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A beverage can manufacturing plant A beverage can manufacturing plant in Monterrey, Nuevo León. LukeandKarla.Travel / Shutterstock.com

Electrical reform will trigger exit of manufacturers from Mexico: industry group

INDEX says electricity commission hasn't the capacity to supply enough clean energy

Approval of the federal government’s proposed electricity reform will result in manufacturing companies leaving the country, according to the head of a national industry group.

Luis Hernández, president of the National Council of the Maquiladora Industry (INDEX), predicted that companies will depart Mexico if the constitutional bill passes Congress because the Federal Electricity Commission (CFE) won’t have the capacity to provide them with sufficient clean energy.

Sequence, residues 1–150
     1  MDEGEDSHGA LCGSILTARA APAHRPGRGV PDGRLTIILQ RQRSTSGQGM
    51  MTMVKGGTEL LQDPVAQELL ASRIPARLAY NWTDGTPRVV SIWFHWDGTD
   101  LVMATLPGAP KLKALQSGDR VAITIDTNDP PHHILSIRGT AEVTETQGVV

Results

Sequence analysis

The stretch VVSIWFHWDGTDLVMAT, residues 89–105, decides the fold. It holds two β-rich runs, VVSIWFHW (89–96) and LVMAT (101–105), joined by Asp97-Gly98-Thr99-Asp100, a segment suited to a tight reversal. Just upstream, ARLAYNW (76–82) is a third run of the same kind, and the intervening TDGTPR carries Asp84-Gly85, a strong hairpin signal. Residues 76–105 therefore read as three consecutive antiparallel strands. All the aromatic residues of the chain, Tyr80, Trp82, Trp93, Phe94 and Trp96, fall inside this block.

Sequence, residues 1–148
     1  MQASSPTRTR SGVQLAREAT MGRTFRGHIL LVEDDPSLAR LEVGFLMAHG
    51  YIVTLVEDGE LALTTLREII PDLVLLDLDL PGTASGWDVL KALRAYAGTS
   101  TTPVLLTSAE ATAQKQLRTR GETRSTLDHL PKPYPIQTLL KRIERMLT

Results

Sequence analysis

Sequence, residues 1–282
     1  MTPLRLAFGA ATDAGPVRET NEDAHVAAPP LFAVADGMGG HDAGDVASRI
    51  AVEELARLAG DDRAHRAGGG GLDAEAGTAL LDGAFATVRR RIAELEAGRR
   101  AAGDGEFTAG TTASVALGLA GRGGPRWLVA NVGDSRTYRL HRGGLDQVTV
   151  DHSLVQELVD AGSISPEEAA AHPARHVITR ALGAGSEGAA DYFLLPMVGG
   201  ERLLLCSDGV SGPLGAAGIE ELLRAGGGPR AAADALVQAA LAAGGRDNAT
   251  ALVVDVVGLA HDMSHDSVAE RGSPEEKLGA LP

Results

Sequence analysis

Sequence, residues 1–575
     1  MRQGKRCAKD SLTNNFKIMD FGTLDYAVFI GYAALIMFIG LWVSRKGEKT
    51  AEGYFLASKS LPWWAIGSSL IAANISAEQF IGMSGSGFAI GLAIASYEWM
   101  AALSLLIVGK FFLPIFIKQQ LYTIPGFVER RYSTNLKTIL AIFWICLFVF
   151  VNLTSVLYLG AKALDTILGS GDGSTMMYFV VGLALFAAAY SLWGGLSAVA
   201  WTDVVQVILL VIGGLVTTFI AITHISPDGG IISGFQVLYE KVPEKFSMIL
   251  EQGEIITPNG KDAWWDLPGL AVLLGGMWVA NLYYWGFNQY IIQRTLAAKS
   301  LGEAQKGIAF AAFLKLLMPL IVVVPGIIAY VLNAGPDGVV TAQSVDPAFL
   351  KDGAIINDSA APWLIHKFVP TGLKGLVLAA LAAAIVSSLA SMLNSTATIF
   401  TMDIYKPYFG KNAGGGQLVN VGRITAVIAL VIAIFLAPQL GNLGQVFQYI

The controversial, widely criticized reform – which is expected to be put to a vote in April – would guarantee 54% of the electricity market to the state-owned CFE and thus limit the participation of private companies that generate renewable energy.

“Companies will start to leave because the CFE doesn’t have a way to provide renewable or clean energy in accordance with what the USMCA suggests,” Hernández told a press conference, referring to the North American free trade agreement that took effect in 2020.

“We have a lot at stake,” he said, citing the risk of capital flight as well as likely difficulties in attracting new investment if the proposed electricity reform becomes law.

The INDEX chief said that approval of the bill would also have a negative impact on employment.

“If a reform is passed you can’t go against [it] … we’re going to have a limitation – investment will no longer be encouraged and employment growth will no longer be encouraged,” Hernández said.

He said the negative impact of the reform would be felt most in Chihuahua, Querétaro, Baja California and Tamaulipas, where many manufacturers have factories.

With reports from Reforma 

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